EVIL MASQUERADE – Welcome To The Show

EVIL MASQUERADE - Welcome To The Show


Frontiers Records
Release date: April 5, 2004

Guitars: A-
Bass: C+
Percussion: C
Keyboards: B
Vocals: B+
Lyrics: B+
Recording Quality: C-
Originality: B
Overall Rating: B-

User Review
0/10 (0 votes)

Welcome To The Show is a creatively crafted theme album about one of those eerie adult costume balls, with a Gothic Middle Ages feel to it, where the guests end up getting involved in more than they bargained for when they decided to show up in the first place. As if entering their own personal fright-night twilight zone, the guests are welcomed/seduced into attending this masquerade ball, only to find they are entrapped into weathering the course of their host’s evil visions, fantasies, and supernatural proceedings. All apparently survive, but certainly their lives will be forever impacted and their mental states forever flogged …

… but of course, the success or failure of an album is only marginally contingent on its story line – in the end, it’s all about the music …

Evil Masquerade’s musical style can best be described as Symphonic or Theatrical Metal. More specifically, this Danish band incorporates a large handful of classical symphony bits (that everyone will recognize) in their songs; intertwined with fast-paced Classic Metal, and a touch of Black Metal.

Henrik Brockmann mans the microphone admirably throughout this album, resulting in one of the true highlights of this CD from start to finish. Henrik Flyman, who takes credit for this album’s composition, flies up and down the fret board of his guitar at speeds that are impressively almost impossible to follow by the human ear. Kasper Gram wields the bass guitar admirably, but unfortunately the production quality of this CD is a bit odd, so most times his work comes through in a ghostly manner and is generally inaudible. Lastly, Dennis Buhl bullies the drums, but along the same line as the bass guitar, the percussion sound is typically distant and lacks proper impact with respect to the bass tones … his favoritism towards use of the double-bass drum tends to lack punch, and causes the overall sound of this CD to be a tad hollow, as if the band were playing live in a basement where the drum kit was expected to stand alone without adequate microphone amplification. Lastly, to add to the symphonic/theatrical effect of this paranormal costume ball, Evil Masquerade invoked the help of several virtuosos to add some impressive keyboard passages and enhancements (Mats Olausson, Richard Andersson, Andre Andersen, and Lars Boutrup).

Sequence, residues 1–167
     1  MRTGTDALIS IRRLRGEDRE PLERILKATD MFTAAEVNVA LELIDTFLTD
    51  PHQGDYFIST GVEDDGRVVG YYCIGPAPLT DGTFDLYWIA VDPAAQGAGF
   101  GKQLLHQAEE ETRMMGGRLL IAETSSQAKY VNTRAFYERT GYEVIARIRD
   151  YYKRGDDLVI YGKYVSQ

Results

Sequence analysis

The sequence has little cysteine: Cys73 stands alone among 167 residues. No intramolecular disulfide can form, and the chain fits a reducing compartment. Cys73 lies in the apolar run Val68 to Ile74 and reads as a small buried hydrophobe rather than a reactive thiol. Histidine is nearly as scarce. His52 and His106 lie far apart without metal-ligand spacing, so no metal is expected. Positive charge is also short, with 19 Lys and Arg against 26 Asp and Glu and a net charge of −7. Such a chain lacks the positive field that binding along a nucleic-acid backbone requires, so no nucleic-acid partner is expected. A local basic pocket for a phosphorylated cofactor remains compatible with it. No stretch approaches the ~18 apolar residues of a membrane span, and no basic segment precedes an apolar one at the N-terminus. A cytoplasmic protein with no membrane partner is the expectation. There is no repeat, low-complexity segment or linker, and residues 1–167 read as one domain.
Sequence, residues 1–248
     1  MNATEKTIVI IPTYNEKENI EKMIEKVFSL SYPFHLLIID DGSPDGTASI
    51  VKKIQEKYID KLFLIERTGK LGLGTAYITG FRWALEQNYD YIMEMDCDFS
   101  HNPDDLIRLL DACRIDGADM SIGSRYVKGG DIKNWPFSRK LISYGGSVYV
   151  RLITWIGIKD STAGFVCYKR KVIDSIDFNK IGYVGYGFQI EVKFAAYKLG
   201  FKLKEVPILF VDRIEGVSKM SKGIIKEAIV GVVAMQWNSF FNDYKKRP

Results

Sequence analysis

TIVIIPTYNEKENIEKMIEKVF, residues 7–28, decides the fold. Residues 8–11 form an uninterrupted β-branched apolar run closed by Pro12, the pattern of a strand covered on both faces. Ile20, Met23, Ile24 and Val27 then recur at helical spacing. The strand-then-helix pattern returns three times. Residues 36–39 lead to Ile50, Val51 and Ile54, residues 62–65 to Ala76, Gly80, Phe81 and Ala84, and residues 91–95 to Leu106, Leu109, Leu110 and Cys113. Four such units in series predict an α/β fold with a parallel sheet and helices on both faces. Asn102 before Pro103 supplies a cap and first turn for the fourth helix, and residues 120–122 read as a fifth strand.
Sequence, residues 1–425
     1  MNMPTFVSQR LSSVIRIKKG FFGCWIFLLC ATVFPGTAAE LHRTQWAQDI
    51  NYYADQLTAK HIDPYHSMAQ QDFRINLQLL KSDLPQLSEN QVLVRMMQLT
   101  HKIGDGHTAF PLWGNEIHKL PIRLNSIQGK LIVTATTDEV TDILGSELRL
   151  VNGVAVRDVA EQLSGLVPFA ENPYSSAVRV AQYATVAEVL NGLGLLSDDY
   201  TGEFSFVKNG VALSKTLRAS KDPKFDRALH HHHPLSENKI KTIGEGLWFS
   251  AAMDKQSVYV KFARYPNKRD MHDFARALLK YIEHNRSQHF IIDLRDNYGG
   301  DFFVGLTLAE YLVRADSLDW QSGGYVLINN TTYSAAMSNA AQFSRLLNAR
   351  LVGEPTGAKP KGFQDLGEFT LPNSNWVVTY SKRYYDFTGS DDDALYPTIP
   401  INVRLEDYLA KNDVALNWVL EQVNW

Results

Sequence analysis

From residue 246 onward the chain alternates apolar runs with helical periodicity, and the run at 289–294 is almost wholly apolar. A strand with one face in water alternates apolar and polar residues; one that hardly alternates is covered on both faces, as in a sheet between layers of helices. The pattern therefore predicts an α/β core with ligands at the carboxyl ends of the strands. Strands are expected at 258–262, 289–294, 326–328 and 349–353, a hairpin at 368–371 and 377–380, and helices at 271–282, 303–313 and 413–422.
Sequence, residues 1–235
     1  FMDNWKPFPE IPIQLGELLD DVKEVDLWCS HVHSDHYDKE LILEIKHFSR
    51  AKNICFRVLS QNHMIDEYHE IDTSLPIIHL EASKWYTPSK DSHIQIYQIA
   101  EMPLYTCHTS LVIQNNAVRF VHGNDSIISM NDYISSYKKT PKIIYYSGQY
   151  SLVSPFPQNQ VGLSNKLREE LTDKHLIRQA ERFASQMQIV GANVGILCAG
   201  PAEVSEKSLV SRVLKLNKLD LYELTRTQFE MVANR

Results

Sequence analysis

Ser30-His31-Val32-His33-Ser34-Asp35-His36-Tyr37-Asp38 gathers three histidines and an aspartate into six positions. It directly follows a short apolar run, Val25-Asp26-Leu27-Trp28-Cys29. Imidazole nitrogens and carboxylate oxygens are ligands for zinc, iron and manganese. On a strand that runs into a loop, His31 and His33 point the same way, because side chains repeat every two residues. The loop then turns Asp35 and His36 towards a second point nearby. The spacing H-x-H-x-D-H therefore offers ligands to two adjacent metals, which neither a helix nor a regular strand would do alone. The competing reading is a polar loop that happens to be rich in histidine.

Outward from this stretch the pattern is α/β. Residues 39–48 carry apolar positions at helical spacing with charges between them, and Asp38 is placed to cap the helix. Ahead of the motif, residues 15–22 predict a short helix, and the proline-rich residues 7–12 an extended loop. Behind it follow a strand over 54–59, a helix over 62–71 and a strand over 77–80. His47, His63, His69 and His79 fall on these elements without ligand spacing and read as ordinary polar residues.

Welcome To The Show starts out with an interpretation of a Wagner classical symphony passage in the “Grand Opening,” which is an impressive, majestic start to this album. The “Grand Opening” then shifts to a “cat-fight” guitar driven intro that meshes into the beginning of the title track (the 2nd track) “Welcome to the Show.” The lyrics of this song do a good job of introducing the theme of the album – it focuses on a “haunted circus” setting of sorts, or a Middle Ages gypsy-horror traveling carnival … all difficult to do without coming across hokey, but well-done by the band nonetheless.